He went on to point out that Crow is a decorated veteran who has “done some incredible things back in the district.” Lujan added, “And we see him as a strong candidate to defeat Congressman Coffman. As a matter of fact, the polling shows very clearly that the only candidate in this race that has a chance to defeat Mr. Coffman is Jason Crow.”

Tillemann asked Lujan to release the polling in a series of daily tweets but told Colorado Politics he decided to commission his own poll after getting no response.

Tillemann told Colorado Politics he doesn’t believe the DCCC has the polling Lujan described.

“If this new poll shows (as Mr. Crow and his allies claim) that Levi is at a dramatic deficit relative to Mr. Crow in a head-to-head matchup against Mike Coffman, Levi will withdraw from the primary on Tuesday,” Tillemann said in an email to supporters Friday.

“If, on the other hand, this is another example of Mr. Crow and the DCCC lying to voters and inventing ‘alternative facts,’ then we say enough is enough. Jason Crow should withdraw from the race and the discredited DCCC should immediately suspend all efforts to interfere in Democratic primaries nationally.”

Tensions over the Democrats’ involvement in the primary — reminiscent of the 2016 struggle between the Bernie Sanders wing of the party and the forces behind Hillary Clinton — have been bubbling up since Crow got in the race a year ago after attending a DCCC “boot camp” for prospective candidates.

In November, state party chair Morgan Carroll, who lost a bid against Coffman two years ago, criticized the DCCC’s decision to name Crow to its Red to Blue program, which supports candidates who meet fundraising and organizational benchmarks. In a Facebook post, Carroll said the designation amounted to an endorsement and contradicted what DCCC officials had told her, as well as its neutrality policy.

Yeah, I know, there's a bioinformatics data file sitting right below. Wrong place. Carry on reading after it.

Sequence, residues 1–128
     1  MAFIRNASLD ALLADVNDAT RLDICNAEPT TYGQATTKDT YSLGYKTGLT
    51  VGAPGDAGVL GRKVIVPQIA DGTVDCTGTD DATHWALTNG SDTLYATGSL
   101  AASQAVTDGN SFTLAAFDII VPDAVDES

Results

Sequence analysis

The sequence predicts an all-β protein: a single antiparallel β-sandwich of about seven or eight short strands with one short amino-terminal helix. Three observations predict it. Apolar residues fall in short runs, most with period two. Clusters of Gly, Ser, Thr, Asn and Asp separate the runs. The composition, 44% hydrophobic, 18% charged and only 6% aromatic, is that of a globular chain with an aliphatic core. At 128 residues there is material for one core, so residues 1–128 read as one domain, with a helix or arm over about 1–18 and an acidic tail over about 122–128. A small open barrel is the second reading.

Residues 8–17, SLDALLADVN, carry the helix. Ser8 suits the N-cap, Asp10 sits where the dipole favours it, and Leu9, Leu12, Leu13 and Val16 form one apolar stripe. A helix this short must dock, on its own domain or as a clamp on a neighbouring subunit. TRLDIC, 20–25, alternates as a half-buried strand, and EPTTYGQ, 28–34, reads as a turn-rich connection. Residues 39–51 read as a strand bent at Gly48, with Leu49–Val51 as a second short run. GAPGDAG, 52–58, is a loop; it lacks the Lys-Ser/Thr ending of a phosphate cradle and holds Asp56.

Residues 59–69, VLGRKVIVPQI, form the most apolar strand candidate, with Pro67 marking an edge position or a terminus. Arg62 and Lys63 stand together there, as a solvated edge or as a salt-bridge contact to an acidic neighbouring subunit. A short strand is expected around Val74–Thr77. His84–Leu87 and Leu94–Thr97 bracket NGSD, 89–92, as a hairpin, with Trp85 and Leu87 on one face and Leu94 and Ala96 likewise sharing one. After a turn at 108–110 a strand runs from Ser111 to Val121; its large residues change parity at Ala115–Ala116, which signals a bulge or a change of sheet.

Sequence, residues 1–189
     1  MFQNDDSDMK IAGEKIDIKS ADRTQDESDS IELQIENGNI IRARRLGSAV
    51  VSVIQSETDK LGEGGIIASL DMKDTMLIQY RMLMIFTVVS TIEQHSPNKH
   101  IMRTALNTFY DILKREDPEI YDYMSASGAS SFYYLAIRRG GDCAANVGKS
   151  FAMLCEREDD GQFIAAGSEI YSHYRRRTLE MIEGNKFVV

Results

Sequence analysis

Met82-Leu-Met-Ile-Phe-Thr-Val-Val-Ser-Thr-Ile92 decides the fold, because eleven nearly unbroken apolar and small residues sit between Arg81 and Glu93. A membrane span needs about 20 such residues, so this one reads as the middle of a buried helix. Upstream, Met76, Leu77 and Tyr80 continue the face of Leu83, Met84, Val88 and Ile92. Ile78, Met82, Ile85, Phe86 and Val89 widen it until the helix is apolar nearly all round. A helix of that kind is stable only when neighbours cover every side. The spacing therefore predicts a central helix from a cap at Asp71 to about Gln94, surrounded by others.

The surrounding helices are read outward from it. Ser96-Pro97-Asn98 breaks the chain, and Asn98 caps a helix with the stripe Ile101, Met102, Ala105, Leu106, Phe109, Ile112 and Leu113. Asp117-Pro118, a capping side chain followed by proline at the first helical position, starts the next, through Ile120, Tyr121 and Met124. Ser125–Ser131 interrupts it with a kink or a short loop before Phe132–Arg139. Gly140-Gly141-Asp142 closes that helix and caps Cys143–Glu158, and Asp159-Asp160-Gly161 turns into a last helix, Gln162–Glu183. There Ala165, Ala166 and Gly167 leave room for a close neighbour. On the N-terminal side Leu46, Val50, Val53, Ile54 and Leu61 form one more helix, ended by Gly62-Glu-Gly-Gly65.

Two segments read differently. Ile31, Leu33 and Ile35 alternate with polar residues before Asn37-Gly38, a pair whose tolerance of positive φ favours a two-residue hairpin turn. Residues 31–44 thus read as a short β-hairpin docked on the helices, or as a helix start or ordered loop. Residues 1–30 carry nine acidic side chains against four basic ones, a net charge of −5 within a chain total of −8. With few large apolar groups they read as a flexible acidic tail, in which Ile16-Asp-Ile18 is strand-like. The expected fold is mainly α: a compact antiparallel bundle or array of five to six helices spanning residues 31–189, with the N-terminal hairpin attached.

Earlier this year, the camps clashed over whether a DCCC organizer who had been working in the district was paving the way for the Democratic nominee or helping Crow.

Meanwhile, gleeful Republicans have been egging on the opposition party’s rift.

“The DCCC’s comically ham-fisted attempts to control primaries like Colorado’s Sixth are tearing the Democratic Party in two,” wrote National Republican Congressional Committee spokesman Jack Pandol in an email earlier this week. “Colorado voters don’t want to be told who to vote for by the Washington establishment, fueling this battle royale of their own creation.”

Ernest Luning

Ernest Luning

Ernest Luning is a political correspondent for Colorado Politics. He has covered politics and government for newspapers and online news sites in Colorado for more than 25 years, including at the Highlands Ranch Herald, the Jefferson Sentinels chain of community newspapers and the Aurora Sentinel, where he was the city hall and cops reporter. After editing the Aurora Daily Sun, he was a political reporter and blogger for The Colorado Independent site. For nearly a decade, he was a senior political reporter and occasional editor at The Colorado Statesman before the 119-year-old publication merged with Colorado Politics in 2017.